In the early 1980s, around the time of the 8 bit home computer boom (Sinclair Spectrum, ZX81, C64, Vic 20, BBC Micro), the British publisher ECC produced a short lived comic based around home computing and gaming. Called ‘Load Runner’ (a nod to the game ‘Load Runner’ perhaps? Or maybe a reference to the ‘loading’ of cassette based programs / games – the standard for the computers of the time). It lasted all of 13 issues. Like most British comics, it was ‘anthology’ based, with several serialised strips running concurrently – most were drawn, but, much like its contemporary, the 80’s reboot of The Eagle, there were also fumetti (photonovel) strips. I assume that the motivation behind the comic was to expand the concepts of some of the computer games of the day – and seeing as the game graphics were extremely basic, there was some sense in this idea. Considering you could get intriguing cover art for a game;
but the reality of the gameplay was like this;
then a bit of artistic licence to expand the concept was a fine ideal. So, what sort of strips were in Load Runner? Well, there was the titular character himself, who alongside his glamourous companion Petra, found themselves in vaguely computer based dramatic scenarios in a virtual world of peril and danger!!!
There was, as mentioned earlier, fumetti! One of the strips was called Time Plan 9, and another was called ‘School for Software’;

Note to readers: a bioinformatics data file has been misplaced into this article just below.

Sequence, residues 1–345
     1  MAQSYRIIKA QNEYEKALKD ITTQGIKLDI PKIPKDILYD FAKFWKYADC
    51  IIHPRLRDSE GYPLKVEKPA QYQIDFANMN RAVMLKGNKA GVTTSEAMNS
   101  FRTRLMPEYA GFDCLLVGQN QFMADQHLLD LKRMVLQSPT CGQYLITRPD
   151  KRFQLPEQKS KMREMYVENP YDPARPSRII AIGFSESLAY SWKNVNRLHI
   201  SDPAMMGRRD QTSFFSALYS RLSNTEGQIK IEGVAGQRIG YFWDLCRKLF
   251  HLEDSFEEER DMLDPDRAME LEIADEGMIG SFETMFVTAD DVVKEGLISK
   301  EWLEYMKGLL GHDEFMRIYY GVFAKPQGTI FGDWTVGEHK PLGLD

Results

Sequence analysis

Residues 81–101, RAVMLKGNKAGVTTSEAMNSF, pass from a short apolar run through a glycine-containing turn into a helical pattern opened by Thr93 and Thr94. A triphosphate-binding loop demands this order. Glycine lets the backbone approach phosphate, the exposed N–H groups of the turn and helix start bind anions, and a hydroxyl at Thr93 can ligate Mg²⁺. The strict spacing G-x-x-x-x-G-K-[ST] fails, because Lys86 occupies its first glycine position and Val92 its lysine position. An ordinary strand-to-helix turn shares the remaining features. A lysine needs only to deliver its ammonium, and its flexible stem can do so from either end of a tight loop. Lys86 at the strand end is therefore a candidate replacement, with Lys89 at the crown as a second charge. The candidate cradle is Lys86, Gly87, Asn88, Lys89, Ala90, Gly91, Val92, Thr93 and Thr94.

which must have been getting some fumes from Grange Hill judging by the body language / posturing of teacher and pupil (love that Teachers wig…)
Then there was the obligatory sports story (‘Load Runner’, despite its slightly different theme, stuck very closely to the tried and tested way of producing a contemporary comic) – this strip was called ‘Andy Royd’. Set in the future (1993), when professional football had changed irrevocably (maybe this was prophetic – the Premier League came into being in 1992….) and robots have replaced humans as the players. However, there is one man (Andy…) who poses as a robot to play in the league and try and save his team – the ‘Dominators’ – from relegation;
But this one has to be my favourite;
There was also a mascot / figurehead for ‘Load Runner’, who was obviously aimed at the demographic. His name was ‘Brainy’;
Anyway, there is some information out there on Load Runner (but not a lot). I would like to point you to the following links;
and all credit to the original scanners.
Here are the complete set of covers for Load Runner 1-13. Found them on ebay (current price per issue? 15 quid…);